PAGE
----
Drusilla--we are shown in flashback what happens when he finds Dru--that whole torture thing? Didn't happen.

And I'm not saying Spike's the only person in the Buffyverse who's into kinky sex - not by any means.

No, but lots of folks do...
deird1
Dec. 9th, 2010 02:27 am (UTC)
we are shown in flashback what happens when he finds Dru

When? We're shown them breaking up over a chaos demon - and then no more stuff with Dru until she arrives in Sunnydale.


The threat of killing her was empty, since he could have just let Dru do it off the bat.

So... you're saying that because he only threatened to kill her and let someone else tazer her... and tied her up to make her listen to him... that proves he's a true romantic?
(no subject) - diamondtook862 - Dec. 9th, 2010 03:51 am (UTC) - Expand
(no subject) - blackfrancine - Dec. 9th, 2010 05:37 am (UTC) - Expand
(no subject) - shipperx - Dec. 9th, 2010 04:19 am (UTC) - Expand
(no subject) - deird1 - Dec. 9th, 2010 04:37 am (UTC) - Expand
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shipperx
Dec. 9th, 2010 04:16 am (UTC)
I don't see it. Spike's idea of "romance" tends to involve lots of rope, beating each other up, and general slaughter... and as much kinky sex as possible.

Really? I mean, don't get me wrong, he loves the fight and the snark. But it took him how many days to think up that the way to win Drusilla back would be to go the S&M route? It wasn't the first, second, or third thing on his mind. His thought was a love spell. Similarly, Angel gave Dru a heart -- literally. Spike gave her a necklace.

Spike loves the 'dance' with Buffy, but I don't think his idea of romance necessarily involves 'rope' unless he thinks that's what'll get the girls attention because she's into that sort of thing.

Mileage varies I know.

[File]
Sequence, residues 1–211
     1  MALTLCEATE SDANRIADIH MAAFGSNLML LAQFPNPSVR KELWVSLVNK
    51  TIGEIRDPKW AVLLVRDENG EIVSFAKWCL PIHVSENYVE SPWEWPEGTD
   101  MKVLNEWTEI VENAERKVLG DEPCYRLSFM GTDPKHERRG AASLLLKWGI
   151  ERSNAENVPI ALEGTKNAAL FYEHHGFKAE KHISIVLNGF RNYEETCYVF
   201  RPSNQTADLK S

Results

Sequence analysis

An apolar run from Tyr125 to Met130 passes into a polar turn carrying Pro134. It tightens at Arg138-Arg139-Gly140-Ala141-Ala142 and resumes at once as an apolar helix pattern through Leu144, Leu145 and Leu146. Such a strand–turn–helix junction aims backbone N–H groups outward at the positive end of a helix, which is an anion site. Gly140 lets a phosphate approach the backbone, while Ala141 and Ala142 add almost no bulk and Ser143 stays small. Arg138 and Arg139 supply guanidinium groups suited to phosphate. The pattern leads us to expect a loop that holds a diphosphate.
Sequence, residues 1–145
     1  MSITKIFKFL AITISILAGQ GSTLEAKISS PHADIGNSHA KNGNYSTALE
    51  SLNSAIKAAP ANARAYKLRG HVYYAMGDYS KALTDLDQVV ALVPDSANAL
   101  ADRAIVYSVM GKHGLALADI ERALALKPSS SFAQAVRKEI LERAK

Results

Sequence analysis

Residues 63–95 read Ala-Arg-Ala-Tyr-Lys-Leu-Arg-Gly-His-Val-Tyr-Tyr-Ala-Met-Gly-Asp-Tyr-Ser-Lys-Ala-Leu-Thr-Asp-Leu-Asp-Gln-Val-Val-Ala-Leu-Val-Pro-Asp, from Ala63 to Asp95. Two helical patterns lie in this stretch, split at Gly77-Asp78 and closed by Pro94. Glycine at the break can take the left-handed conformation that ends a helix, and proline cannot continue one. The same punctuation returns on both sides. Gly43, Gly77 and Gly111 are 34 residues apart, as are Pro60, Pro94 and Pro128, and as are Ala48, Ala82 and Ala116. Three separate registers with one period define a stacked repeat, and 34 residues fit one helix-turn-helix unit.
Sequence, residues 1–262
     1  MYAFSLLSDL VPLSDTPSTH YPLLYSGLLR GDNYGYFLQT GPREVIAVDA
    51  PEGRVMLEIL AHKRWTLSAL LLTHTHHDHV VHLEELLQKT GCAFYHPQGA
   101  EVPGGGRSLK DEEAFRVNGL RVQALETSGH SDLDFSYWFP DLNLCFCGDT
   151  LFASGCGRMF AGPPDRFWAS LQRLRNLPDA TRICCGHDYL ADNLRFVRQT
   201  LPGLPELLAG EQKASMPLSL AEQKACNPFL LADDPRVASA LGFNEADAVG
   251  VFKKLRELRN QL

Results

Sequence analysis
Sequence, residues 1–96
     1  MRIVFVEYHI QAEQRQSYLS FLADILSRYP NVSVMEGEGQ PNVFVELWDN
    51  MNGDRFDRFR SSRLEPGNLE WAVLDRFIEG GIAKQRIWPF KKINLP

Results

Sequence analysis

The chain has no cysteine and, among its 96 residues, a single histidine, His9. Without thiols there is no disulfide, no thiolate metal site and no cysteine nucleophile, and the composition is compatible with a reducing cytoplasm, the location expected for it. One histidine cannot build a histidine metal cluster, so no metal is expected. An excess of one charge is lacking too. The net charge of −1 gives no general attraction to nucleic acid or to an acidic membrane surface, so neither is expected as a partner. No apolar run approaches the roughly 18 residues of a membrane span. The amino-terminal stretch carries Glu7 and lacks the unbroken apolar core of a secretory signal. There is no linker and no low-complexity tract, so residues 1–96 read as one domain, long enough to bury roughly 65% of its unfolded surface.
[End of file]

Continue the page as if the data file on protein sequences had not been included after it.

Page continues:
boot_the_grime
Dec. 10th, 2010 11:48 pm (UTC)
I don't see it. Spike's idea of "romance" tends to involve lots of rope, beating each other up, and general slaughter... and as much kinky sex as possible.

Yeah. But at least he wasn't killing other women to bring them as a present to his beloved, which makes B/S in S6 decidedly healthier than Spike/Dru.
eowyn_315
Dec. 9th, 2010 02:16 am (UTC)
Why does he have to give her permission to do so?

Sorry, this has little to do with the discussion at hand, but I just have to take a moment to LOL at the irony of this comment on a post about consent. :)
gabrielleabelle
Dec. 9th, 2010 02:17 am (UTC)
Oh. Now you made me giggle.
eowyn_315
Dec. 9th, 2010 02:26 am (UTC)
Then my work here is done! (but I'll stick around for the show anyway *g*)
ms_scarletibis
Dec. 9th, 2010 02:36 am (UTC)
<--has no appropriate icon.

Not that I even remember where that was said in the long assed comment or what it's referring to, but yes, I can appreciate the irony ;)
blackfrancine
Dec. 9th, 2010 05:35 am (UTC)
But to say that he'll "let" her do it--you don't find that phrasing to be odd? Why not "You can blow out my candles"?

Meh. Not really. I don't see much difference in the nuance between "I'll let you" and "You can," to be honest. In the second one, it's just that Spike as the permission granter is elided--but it's still an understood implication that HE'S the one granting permission. In fact, I sort of think it's more commanding, more direct--meaning (to me) that if he says "You can"--he KNOWS that she's seeking to. With "I'll let you," it's more coy. I think the coyness is because he's joking around. But if you want to read it as completely straight, I'd say the coyness could come in as a way to seek preemptive forgiveness for asking her to do something for him.

And, realistically, there are lots of women who enjoy giving head--there's no doubt about that. But let's be serious. There are very few women who actually want to give head MORE than the guy wants to receive it. We really don't have any reason whatsoever to think that Spike is anything other than a typical guy in that regard. At least that's what I think.

if we backed things up to TR, OMWF, or hey, all the way back to the ill fated "Crush," if asked, I'm willing to bet he would have liked the opportunity to romance Buffy instead of getting fucked by her in some dilapidated building.

I agree for the most part. Or I sort of agree. I think at the beginning of s6 he was being the man that Buffy made him feel like. He was being what he believed she wanted and needed. But after things turned physical, he stopped. Why he stopped is debatable. But the fact remains, he was no longer kind or supportive (at least not in the traditional way). And he was no longer TRYING to romance her by the time they start getting down to business in Smashed. And certainly not afterwards. It seems to me like he's perfectly willing to play the love/hate games with Buffy.